Comparison of fingolimod with interferon beta-1a in relapsing-remitting multiple sclerosis: A randomised extension of the TRANSFORMS study

Bhupendra Khatri, Frederik Barkhof, Giancarlo Comi, Hans Peter Hartung, Ludwig Kappos, Xavier Montalban, Jean Pelletier, Tracy Stites, Stacy Wu, Fred Holdbrook, Lixin Zhang-Auberson, Gordon Francis, Jeffrey A. Cohen

Research output: Contribution to journalArticlepeer-review

Abstract

Background: In a 12-month phase 3 study in patients with relapsing-remitting multiple sclerosis (RRMS), TRANSFORMS, fingolimod showed greater efficacy on relapse rates and MRI outcomes compared with interferon beta-1a. We had two aims in our extension: to compare year 2 with year 1 in the switched patients to assess the effect of a change from interferon beta-1a to fingolimod, and to compare over 24 months the treatment groups as originally randomised to assess the effect of delaying the start of treatment with fingolimod. Methods: Patients randomly assigned to receive 0·5 mg or 1·25 mg daily oral fingolimod in the core study continued with the same treatment in our extension; patients who originally received 30 μg weekly intramuscular interferon beta-1a were randomly reassigned (1:1) to receive either 0·5 mg or 1·25 mg fingolimod. The initial randomisation and dose of fingolimod assigned for the extension remained masked to the patients and investigators. As in the core study, re-randomisation was done centrally in blocks of six and stratified according to site. Our efficacy endpoints were annualised relapse rate (ARR), disability progression, and MRI outcomes. Our within-group analyses were based on the intention-to-treat and safety populations that entered our extension study. Our between-group analyses were based on the intention-to-treat and safety populations from the core study. This study is registered with ClinicalTrials.gov, number NCT00340834. Findings: 1027 patients entered our extension and received the study drug, and 882 completed 24 months of treatment. Patients receiving continuous fingolimod showed persistent benefits in ARR (0·5 mg fingolimod [n=356], 0·12 [95% CI 0·08-0·17] in months 0-12 vs 0·11 [0·08-0·16] in months 13-24; 1·25 mg fingolimod [n=330], 0·15 [0·10-0·21] vs 0·11 [0·08-0·16]; however, in patients who initially received interferon beta-1a, ARR was lower after switching to fingolimod compared with the previous 12 months (interferon beta-1a to 0·5 mg fingolimod [n=167], 0·31 [95% CI 0·22-0·43] in months 0-12 vs 0·22 [0·15-0·31], in months 13-24 p=0·049; interferon beta-1a to 1·25 mg fingolimod [n=174], 0·29 [0·20-0·40] vs 0·18 [0·12-0·27], p=0·024). After switching to fingolimod, numbers of new or newly enlarging T2 and gadolinium (Gd)-enhancing T1 lesions were significantly reduced compared with the previous 12 months of interferon beta-1a therapy (p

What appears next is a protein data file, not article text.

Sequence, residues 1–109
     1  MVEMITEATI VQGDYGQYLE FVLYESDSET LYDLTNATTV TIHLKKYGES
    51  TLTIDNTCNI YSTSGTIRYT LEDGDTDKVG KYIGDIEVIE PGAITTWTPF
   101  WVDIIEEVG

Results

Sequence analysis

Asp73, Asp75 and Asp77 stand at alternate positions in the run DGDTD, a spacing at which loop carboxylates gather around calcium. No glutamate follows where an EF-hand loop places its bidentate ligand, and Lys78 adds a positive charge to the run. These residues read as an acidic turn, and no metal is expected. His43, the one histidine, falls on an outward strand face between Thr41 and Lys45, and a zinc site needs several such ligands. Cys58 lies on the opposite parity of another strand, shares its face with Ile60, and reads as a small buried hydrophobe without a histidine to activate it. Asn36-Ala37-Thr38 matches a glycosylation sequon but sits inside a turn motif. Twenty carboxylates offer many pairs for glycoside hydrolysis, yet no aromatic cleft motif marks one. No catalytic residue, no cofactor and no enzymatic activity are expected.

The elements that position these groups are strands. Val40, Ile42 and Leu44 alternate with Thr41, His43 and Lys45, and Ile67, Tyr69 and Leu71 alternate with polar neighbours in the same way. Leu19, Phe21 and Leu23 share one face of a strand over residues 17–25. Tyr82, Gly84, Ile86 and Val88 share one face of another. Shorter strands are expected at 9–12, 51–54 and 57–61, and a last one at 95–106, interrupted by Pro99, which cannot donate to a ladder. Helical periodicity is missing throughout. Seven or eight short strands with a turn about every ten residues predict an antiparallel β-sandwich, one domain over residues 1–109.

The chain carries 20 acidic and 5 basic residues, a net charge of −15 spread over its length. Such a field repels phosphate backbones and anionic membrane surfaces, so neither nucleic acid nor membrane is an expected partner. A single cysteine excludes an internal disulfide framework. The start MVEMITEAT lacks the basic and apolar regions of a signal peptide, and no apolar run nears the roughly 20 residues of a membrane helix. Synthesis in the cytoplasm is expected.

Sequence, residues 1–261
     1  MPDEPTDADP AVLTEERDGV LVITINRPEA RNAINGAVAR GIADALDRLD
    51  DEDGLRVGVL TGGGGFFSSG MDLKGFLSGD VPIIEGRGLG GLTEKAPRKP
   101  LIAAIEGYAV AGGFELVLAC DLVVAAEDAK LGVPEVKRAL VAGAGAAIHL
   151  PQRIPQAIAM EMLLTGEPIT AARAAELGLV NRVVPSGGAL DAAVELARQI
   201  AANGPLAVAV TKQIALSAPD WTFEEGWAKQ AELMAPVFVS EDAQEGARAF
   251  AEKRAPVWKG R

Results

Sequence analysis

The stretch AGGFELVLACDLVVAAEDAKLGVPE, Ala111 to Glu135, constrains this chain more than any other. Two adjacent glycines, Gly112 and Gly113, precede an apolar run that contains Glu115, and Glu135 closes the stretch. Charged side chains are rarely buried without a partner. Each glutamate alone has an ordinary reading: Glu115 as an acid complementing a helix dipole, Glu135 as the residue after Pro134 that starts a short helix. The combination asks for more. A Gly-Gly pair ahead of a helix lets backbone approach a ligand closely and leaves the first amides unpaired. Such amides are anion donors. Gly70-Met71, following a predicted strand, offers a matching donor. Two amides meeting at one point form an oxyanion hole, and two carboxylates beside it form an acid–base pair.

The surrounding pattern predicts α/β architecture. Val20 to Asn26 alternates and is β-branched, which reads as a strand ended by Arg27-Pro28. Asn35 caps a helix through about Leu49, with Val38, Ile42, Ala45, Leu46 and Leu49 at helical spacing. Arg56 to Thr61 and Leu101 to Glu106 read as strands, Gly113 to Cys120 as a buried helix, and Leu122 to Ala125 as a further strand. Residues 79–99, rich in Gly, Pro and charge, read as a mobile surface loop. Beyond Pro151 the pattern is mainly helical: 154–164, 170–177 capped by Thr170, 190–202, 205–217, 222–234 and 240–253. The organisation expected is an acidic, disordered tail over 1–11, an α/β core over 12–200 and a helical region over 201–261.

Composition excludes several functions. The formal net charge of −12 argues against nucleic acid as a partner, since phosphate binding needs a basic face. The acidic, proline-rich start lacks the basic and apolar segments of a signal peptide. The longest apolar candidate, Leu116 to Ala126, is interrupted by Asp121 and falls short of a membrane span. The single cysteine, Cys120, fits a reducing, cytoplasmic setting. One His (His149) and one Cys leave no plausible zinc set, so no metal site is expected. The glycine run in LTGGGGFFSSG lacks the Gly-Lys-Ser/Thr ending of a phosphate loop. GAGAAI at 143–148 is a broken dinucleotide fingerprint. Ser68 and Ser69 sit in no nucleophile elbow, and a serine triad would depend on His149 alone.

Original languageEnglish
Pages (from-to)520-529
Number of pages10
JournalThe Lancet Neurology
Volume10
Issue number6
DOIs
Publication statusPublished - Jun 2011

ASJC Scopus subject areas

  • Clinical Neurology

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